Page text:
Hints and Tips
Sometimes I write up some tips or hints. I've collected some here for your amusement.
- About Wyze Cameras
- Clean up your own PC
- Your friend got Cloned
- Using Evernote to save Facebook Info
- Sharing Google Calendars
- Check Your Phone
- Your ISP Sells Your Information
- Bypassing Page Counters
- Password Managers
- The Case for Strong Passwords
- A Phishing Email
- How did this guy get my password?
- Safe Buying and Selling
- Choosing Security Cameras
- Sending EBooks to Kindle
- What are Short URLs?
- How about Surge Suppressors?
- Prevent Tag-Jacking
Scroll up for the full list of hints
Clean up your own PC
As many friends know, I clean up a lot of PCs. I usually charge very little if anything. However, after hearing of a friend who was charged $80 and left not much better than what she started, I decided to create this little tutorial. It works. It's free. Did I mention it's free? Of course, each of these programs has a paid version. If you use it and like it, it's good to buy it. Programmers need beer too.
The thing you do NOT want to do is go to one of those "CleanMyPC.com" sites. Here's a true fact. I got a new laptop. Right out of the box. Connected to my network and went to one of those sites. I let it scan my brand new computer. It found 8000+ problems! Malware! Virus Infections! Ad-Ware! What a mess. Then it offered to fix these horrible problems for a fee. True story. You can do it yourself and only fix REAL problems. And did I mention it's free?
This does NOT cover bad things that may already have happened. If you're infected with Ransomware (which prevents you from using your computer entirely and prompts you to pay to get your machine back), you're going to need more help. Likewise, if you fell for a fake anti-virus popup and installed something that keeps asking you to active their program, you're going to need a boot disk.
However, general cleaning up of your machine isn't hard. You need to look at three areas. Anti-Virus, Anti-Malware and general machine hardware/operating system tuneup. Most people understand the first two. The hardware/operating system part can get a bit confusing. Here's what I do in order.
You should be able to find your software though.
Step 1. Be sure the machine's free of virus infections.
When a computer comes in, I hook it up to a keyboard, mouse and monitor. I do NOT connect it to my network. If there's a virus on it, I don't want my other machines infected. I quarantine it. If the computer has a working virus scanner (and you'd be amazed how many do not) with up to date virus signatures (see previous comment), I do a full scan. If, however, there is a problem with the virus software or it's missing, I download one, on another machine, to a flash drive. I use Avast free version for this. Of course, if you're tuning your own machine you're already on the network.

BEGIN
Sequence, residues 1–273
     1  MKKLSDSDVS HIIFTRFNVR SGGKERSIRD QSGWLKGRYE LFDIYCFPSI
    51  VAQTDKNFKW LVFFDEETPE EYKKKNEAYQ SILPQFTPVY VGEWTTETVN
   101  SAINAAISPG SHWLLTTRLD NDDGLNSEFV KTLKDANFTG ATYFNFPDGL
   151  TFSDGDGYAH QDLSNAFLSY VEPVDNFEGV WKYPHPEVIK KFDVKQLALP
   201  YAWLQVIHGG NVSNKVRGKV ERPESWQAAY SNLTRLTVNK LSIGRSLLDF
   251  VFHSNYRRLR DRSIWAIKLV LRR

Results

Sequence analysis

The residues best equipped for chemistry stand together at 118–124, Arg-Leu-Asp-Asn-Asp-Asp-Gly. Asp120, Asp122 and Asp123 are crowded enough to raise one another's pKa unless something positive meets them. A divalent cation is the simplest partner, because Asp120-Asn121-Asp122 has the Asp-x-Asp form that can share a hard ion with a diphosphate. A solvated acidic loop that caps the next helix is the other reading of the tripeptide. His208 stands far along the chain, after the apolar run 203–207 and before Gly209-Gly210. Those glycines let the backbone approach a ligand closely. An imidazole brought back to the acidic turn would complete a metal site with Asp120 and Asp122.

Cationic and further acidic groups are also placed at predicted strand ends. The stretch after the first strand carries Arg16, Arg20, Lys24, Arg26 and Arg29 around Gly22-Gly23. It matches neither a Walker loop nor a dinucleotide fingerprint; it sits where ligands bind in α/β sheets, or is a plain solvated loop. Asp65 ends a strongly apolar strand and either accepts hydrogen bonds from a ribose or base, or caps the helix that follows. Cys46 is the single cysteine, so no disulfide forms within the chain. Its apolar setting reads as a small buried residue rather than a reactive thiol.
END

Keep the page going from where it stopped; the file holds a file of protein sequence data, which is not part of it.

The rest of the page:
If you have a different virus program prefer it, that's perfectly fine with me. Just be sure you're up to date and scan everything. If you have McAfee or Norton that came with your machine 3 years ago, your license has probably expired. If you're not going to renew, uninstall them right now. You can't have two anti-virus programs at once. To uninstall it, go to Control Panel and choose Add/Remove programs.
As I said, Avast is free and very good. Here's how to get it. First, go to http://www.avast.com and get the
free version. Sometimes it's hard to "find" the free version. They, obviously,
want you to pay. When you click the big button to get the free version, you'll
go to another screen.
When you install it, you may be asked to install other things such as toolbars. Watch your install screens for any checkbox that is checked. It's a good idea not to install extras right now. Once it's downloaded and installed, run it. Let it update itself and do a full scan.
Step 2. Getting rid of Malware
Malware is almost always software that you installed. Maybe it was a "free" game or a neat toolbar. Whatever it is, it's not doing you any good. This is the thing most people suffer from. While you're running around the web, these guys are watching you and reporting to big brother the pages you visit. For instance, if you're shopping for cookbooks, you may visit Amazon and look around. Soon, you're seeing ads for cookbooks everywhere you go.
Like Anti-Virus programs, there are a several I use. I think the most powerful is
MalWareBytes. It's available at http://www.malwarebytes.com/. Go to the Download link and then choose
the free version
Install it, let it update then run a full scan. It'll take a few minutes. Get a coffee. When it finds problems (and it will), just follow your prompts to get rid of the bad stuff. That's it. Now remember to run this once a month. If you have kids using your computer, once a week.
Step 3. Under the Hood
As you use your computer, like driving your car, you need some attention once in awhile. Your disk drive gets fragmented (files are broken up to store them - ineffecient), your registry (Windows config files) gets corrupted and your Temp file area gets loaded. There's a great tool for that. It's called Advanced System Care and it's found at http://www.iobit.com/download.html. This one hides the free version very well.
Install it and run it. This program is powerful. Here's what it looks like.
Ignore the big friendly Activate button. That's to activate the Pro Version. If you like it, you should buy Pro.
As soon as you get it installed, check all the things you can (some are for Pro version) and click Scan. That's what you should do every week or so. That'll be like an afternoon at the dealer for your car.
Use these tools. Regular use of all of these programs and a bit of common sense will help keep your silicon friend very happy.